Sleeping 101 No ratings yet.

There are a lot of myths about sleep out there.  For example, most people would think that quantity of sleep is better than quality, or that you can get over a sleep-lacking week by snoozing on the weekends.  But, the myths out there are not only inaccurate – they can be harmful to your health!  Sleeping is probably one of the most important, most productive activities you can do in a 24-hour day.  After all, it can help you improve your brain and heart function and immune system health, improve creativity, and manage your weight and emotions.

People who aren’t sleeping enough often feel that they’re too busy to get the proper amount of shut-eye.  But, a lot of people don’t understand just how important it is to get a lot of good-quality sleep.  For example, young adults (that’s 18-25) need seven to nine hours of sleep.  And, high schoolers need even more sleep than that.  And, the people who can get by on six hours of sleep are few and far between: only about 3% of the population can properly function on that much shut-eye.  So, why is sleeping so important?  Let’s take a look at the basics of cutting Z’s.

Not Sleeping Is Bad For You

You probably didn’t need an article to tell you that you really should be getting some sleep.  But, as it turns out, not getting enough quality pillow time is detrimental to your health and well-being.  As you can imagine, sleep deprivation can lead to a lack of energy during the day, as well as a lack of motivation.  And, you may feel more down in the dumps; people who don’t get enough sleep may be at a higher risk for depression.  In addition to those everyday problems, you may eventually suffer from a poor immune system, weight gain, premature aging, and increased risk for a whole host of diseases, including diabetes, hypertension, Alzheimer’s, and cancer.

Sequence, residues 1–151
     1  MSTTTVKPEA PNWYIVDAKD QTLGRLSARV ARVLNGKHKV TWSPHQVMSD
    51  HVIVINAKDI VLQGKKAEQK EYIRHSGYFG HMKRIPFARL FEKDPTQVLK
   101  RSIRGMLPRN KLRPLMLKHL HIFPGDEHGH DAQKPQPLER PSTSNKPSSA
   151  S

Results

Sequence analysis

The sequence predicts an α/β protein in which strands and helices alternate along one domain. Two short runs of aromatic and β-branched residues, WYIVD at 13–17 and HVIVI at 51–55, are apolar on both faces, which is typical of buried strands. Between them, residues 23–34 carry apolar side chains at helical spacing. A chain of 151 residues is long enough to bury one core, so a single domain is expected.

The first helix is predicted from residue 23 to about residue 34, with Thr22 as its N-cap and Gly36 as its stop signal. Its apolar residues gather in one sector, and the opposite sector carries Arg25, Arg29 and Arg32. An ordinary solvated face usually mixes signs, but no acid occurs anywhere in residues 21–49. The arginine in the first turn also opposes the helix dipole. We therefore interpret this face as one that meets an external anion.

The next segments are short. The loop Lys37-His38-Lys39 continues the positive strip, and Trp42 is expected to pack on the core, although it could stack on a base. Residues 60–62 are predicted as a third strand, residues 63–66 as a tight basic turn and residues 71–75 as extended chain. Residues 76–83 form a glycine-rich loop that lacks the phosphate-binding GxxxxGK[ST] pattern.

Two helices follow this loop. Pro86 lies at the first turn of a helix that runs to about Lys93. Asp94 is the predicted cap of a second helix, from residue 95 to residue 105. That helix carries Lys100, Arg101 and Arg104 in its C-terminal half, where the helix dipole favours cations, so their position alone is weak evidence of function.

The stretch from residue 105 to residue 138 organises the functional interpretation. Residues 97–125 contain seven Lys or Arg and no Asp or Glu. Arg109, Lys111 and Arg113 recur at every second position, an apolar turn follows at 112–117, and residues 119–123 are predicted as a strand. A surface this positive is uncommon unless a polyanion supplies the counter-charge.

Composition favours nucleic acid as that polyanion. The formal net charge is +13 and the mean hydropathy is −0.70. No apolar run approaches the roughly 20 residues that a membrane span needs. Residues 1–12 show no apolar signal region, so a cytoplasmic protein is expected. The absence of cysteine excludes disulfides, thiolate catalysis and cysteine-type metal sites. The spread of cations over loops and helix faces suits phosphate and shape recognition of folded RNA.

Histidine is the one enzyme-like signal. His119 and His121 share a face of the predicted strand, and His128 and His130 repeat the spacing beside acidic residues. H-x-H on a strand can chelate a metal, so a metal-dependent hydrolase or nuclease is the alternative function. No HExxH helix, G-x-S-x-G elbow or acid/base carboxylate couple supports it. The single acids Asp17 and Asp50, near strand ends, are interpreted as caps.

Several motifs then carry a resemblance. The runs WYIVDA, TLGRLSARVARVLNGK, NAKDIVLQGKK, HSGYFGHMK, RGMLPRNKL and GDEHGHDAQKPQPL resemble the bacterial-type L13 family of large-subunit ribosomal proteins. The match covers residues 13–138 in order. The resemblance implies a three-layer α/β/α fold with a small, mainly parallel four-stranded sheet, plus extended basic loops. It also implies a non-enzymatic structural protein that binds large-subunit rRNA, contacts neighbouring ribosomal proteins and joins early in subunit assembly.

Sleeping And Weight Management

Not sleeping enough can actually add inches to your waistline.  Everyone is familiar with that afternoon slump feeling.  But, you may not realize that when you feel tired, you crave more sugar.  This is your body’s attempt to substitute fast energy for real energy.  Plus, when you don’t sleep, your body loses the ability to effectively regulate your appetite.  So, not sleeping and overeating go hand in hand.  That’s why you’re better off hitting the sack earlier than later.

You Don’t Realize You’re Not Sleeping Enough

The chances are, if you’re sleep deprived, you may not even realize it.  In fact, some of the regular things that we tend to associate as struggles of working life are actually serious signs of sleep deprivation.  For example, needing an alarm clock to wake up on time actually means you may not be sleeping enough.  And, if you get sleepy when you’re in a warm room or a boring meeting, you probably aren’t getting enough sleep either.  Even if you have the desire to sleep in on the weekends, you’re probably not hitting the hay when you should be.  So how can you get enough shut-eye?  Experts say the best ways are to stick to a regular sleeping schedule, get exercise, eat well, and get into a relaxing bedtime routine.  All of these things can help you sleep better, every night.

Rebecca Thompson

Rebecca Thompson

Staff Writer at New Review HQ
Rebecca Thompson

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